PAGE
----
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Learning and earning

Campus jobs are rewarding for students and for RIT

RIT exists for the students. It can also be said that RIT exists because of the students. Some 5,000 students have job on campus, and their efforts help keep RIT running.

"If it weren't for our students, many departments wouldn't be able to function," states Joanne Stuewe, student employment administrator. "We really depend on our students, and they are wonderful."

Her words reverberate around campus.

"Basically, we can't operate our food service without them," says James Bingham, director of an operation with more than 600 student employees.

"They're essential," states Roberta DiNoto, administrative director of Margaret's House, the on-campus daycare center.

"We couldn't get along without them," agrees Lisa Monette, assistant director of admissions.

The student employment office lists an astonishing variety of jobs: shuttle bus driver, tour guide, Zamboni operator, food service worker, receptionist, parking monitor, engineer's helper, computer assistant, sales clerk, tutor, rock climbing leader, lifeguard, costume shop assistant, camcorder operator, graphic design artist, artists' model, hearing aid technician, greenhouse attendant, research assistant, lab technician, television production assistant, mural restorer, Web page programmer, recycling coordinator. Pay ranges from minimum wage to as much as $20 per hour for highly skilled jobs.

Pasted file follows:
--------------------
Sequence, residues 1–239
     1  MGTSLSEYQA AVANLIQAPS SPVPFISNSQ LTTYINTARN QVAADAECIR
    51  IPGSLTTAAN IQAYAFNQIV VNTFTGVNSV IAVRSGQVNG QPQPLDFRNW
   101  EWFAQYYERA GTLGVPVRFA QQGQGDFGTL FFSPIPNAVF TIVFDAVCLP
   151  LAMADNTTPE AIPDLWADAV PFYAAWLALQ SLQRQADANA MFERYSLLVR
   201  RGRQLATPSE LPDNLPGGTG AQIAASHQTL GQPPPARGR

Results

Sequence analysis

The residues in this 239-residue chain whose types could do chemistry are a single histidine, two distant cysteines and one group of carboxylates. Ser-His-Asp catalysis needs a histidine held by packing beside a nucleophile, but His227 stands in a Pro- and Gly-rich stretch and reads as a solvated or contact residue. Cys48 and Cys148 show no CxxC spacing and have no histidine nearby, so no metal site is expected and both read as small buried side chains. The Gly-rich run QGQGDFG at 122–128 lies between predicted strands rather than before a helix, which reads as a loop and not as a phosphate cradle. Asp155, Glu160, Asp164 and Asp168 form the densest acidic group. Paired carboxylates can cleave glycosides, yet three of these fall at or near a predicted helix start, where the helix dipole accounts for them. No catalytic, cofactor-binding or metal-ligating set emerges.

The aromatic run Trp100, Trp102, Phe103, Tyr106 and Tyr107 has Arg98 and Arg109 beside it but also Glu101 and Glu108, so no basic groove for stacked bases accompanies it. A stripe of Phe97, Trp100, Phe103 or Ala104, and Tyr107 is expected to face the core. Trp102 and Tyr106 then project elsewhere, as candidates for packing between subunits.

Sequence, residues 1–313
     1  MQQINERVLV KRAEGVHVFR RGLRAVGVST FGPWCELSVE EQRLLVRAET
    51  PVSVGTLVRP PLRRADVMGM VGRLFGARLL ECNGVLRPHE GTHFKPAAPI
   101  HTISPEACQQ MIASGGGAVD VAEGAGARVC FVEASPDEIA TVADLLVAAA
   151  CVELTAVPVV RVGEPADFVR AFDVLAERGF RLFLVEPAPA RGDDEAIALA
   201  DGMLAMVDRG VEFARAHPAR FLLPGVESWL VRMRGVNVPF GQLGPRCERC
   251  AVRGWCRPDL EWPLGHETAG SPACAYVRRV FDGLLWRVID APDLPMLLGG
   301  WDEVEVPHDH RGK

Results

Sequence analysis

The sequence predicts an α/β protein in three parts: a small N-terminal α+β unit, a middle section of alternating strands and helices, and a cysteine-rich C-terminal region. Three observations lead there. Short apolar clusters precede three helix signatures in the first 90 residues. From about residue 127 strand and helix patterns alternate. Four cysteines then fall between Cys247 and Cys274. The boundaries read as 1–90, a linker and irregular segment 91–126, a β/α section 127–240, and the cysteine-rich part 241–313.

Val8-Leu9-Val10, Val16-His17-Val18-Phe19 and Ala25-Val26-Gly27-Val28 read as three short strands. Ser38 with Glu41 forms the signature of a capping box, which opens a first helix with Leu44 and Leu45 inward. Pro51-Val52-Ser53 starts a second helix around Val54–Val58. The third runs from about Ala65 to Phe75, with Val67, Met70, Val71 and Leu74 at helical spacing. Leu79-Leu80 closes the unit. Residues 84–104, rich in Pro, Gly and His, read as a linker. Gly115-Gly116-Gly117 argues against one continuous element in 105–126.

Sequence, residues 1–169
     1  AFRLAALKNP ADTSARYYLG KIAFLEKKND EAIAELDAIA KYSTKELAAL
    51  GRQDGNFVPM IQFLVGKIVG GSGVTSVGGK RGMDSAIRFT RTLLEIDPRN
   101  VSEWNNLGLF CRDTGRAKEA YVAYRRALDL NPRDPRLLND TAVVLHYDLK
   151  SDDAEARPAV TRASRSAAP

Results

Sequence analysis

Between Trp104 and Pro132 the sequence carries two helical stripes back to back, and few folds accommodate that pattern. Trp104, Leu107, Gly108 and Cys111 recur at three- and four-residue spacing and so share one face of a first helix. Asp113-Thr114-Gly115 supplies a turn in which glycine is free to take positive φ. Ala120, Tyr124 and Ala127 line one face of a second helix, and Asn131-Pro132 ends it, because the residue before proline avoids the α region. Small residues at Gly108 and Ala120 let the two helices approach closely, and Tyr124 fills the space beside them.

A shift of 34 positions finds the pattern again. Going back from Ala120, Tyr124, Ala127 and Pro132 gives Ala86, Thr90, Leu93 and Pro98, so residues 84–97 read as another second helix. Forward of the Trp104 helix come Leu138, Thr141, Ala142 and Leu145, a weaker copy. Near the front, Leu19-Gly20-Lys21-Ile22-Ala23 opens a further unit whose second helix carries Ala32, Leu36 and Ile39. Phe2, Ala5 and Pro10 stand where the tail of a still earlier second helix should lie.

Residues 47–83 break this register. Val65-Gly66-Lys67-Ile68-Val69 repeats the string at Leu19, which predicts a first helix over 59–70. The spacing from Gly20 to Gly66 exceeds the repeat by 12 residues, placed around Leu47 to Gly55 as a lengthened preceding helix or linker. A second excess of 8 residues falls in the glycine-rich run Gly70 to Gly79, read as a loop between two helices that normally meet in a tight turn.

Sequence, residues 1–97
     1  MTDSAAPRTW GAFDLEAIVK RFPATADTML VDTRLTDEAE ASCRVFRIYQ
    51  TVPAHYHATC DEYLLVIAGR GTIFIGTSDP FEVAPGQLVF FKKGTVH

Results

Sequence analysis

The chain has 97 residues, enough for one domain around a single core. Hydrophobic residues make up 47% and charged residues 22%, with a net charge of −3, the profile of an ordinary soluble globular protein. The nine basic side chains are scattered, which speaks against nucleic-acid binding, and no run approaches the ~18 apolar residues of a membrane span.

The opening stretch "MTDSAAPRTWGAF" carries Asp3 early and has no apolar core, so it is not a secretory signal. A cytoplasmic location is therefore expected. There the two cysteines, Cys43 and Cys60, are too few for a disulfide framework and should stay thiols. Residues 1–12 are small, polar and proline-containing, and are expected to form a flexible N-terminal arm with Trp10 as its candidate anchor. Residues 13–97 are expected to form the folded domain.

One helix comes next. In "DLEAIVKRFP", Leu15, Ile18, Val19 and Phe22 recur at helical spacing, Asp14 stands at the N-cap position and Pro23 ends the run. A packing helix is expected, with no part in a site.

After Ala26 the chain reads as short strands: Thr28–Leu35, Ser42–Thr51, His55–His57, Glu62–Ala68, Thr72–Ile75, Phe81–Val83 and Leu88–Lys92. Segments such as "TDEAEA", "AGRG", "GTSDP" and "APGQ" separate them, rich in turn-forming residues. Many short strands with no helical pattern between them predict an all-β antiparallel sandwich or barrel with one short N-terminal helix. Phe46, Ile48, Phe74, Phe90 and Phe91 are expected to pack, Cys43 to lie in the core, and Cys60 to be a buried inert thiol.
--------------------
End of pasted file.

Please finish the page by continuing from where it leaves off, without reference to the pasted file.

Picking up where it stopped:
Campus jobs have a couple of distinct advantages over employment on the outside. The location is convenient, certainly. Bosses have an understanding of students' complex schedules and are willing to be flexible.

And while the need for cash may send students in search of employment, they often get more than a paycheck out of their campus jobs.